Philadelphia, PA Refinery Fire, Aug 1975
REFINERY FIRE UNDER CONTROL; 3 FIREMEN DEAD.
Philadelphia (AP) -- Three firemen caught in a sudden flashing of flames during a spectacular refinery blaze were turned into human torches. All three died.
At least three more firemen were missing and five firemen were among the 13 persons injured in the fire that started Sunday and burned through the night at the Gulf Oil Co. Refinery.
It was declared under control early this morning by the Philadelphis Fire Board.
"The flames just engulfed them," said Commissioner JOSEPH RIZZO, describing how he escaped the first of dozens of explosions but looked back to see three of his men sealed in flames.
"They were trying to get under the foam, but to no avail," he said. "They were human torches."
The blaze at the second largest refinery on the East Coast could be seen for 20 miles. Flames covering an area about a half-mile square roared into a spreading cloud of black smoke.
The fire started Sunday at dawn when an 80,000-barrel storage tank ignited while being filled with oil from a tanker. The ship was not damaged and the fire was brought under control by 9 a.m.
Clean-up crews moved in. They spent the day pouring chemical foam onto the smouldering tank. The firemen were relaxed. There was no apparent danger.
But according to JACK BURK, manager of the refinery, the facility's sewage system failed to drain off oil that was spilled from the first fire. Fumes backed up.
"Then it flashed," BURK said.
At 4 p.m., when the area was crowded with equipment and men, a bowl of flame erupted. There was one explosion, then another. Flames were everywhere.
Within minutes the fire jumped to 11 alarms, activating 600 fire fighters.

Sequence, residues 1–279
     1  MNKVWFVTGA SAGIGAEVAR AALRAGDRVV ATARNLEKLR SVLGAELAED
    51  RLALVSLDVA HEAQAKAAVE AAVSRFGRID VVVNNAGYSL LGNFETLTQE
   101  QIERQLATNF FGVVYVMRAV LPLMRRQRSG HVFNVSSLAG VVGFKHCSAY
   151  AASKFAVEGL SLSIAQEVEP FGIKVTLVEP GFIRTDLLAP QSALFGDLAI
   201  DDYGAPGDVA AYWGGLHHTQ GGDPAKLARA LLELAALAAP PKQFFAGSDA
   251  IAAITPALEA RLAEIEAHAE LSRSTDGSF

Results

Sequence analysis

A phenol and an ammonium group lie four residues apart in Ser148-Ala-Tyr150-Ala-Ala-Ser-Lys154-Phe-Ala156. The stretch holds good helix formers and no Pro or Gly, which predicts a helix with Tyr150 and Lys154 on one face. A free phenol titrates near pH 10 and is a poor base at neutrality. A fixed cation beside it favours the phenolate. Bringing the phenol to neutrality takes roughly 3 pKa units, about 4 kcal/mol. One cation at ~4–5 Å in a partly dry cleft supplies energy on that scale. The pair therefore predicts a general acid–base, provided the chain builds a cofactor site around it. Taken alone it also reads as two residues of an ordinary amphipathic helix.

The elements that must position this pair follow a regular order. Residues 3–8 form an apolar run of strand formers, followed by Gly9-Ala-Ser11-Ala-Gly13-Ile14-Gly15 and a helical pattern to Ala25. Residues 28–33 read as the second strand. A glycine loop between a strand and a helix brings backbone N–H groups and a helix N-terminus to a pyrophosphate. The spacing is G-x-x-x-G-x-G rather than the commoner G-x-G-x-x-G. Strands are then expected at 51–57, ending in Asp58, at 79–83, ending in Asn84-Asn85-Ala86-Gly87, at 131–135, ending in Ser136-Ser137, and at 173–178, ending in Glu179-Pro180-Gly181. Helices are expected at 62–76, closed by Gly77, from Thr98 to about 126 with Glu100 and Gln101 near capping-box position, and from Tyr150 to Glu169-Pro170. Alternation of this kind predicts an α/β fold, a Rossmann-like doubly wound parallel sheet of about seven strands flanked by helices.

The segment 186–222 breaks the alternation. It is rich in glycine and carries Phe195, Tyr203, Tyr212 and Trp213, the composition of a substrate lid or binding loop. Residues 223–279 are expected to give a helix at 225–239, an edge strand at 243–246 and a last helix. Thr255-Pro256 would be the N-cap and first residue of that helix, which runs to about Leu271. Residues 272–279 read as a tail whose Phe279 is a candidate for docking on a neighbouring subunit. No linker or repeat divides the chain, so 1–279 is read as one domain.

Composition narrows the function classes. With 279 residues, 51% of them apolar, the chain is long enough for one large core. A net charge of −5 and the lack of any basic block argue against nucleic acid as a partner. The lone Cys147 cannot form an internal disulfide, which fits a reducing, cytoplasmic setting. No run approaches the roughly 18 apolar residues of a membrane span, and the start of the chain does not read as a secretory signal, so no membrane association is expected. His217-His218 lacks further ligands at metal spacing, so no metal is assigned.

Flames scorched the Penrose Avenue Bridge over the Schuylkill River, a key commuter artery into the city and the main route between downtown Philadelphia and Philadelphia International Airport.
The bridge was closed to all traffic. The area around the sprawling refinery was scaled off, then power and telephone service in the neighborhood went dead.
Firemen tried to battle the blaze, but they realized it was useless. Commissioner RIZZO announced, "Let it burn. It'll have to burn itself out. It may take two days, maybe three, but that's all we can do."
Five of the injured were firemen who were treated at local burn centers. They were all in critical or stable conditions.
The Gulf refinery borders the Schuylkill Expressway in South Philadelphia. It is next to the Philadelphia Naval Base and located about 200 yards across the Schuylkill River from a large tank farm.
In the refinery at the time of the fire were crude oils, jet fuel and naptha, an explosive. All three were fueling the fire.
Last January, a tanker collision on the Delaware River here took 29 lives.
Firemen Who Perished In The Blaze:
JOHN ANDREWS, 49, Engine 49.
JOSEPH WILEY, 33, Ladder 27.
ROGER PARKER, 28, Ladder 27.
HUGH McINTYRE, 53, Engine 56.
ROBERT FISHER, 43, Engine 33.
RALPH CAMPANA, 41, Ladder 19.
JAMES PAULIOT, 35, Engine 20. (Died 8-24-1975).
CARROLL BRENEK, 30, Engine 57. (Died 8-30-1975).
The Abilene Reporter-News Texas 1975-08-18
Researched and Transcribed by Stu Beitler. Thank you, Stu!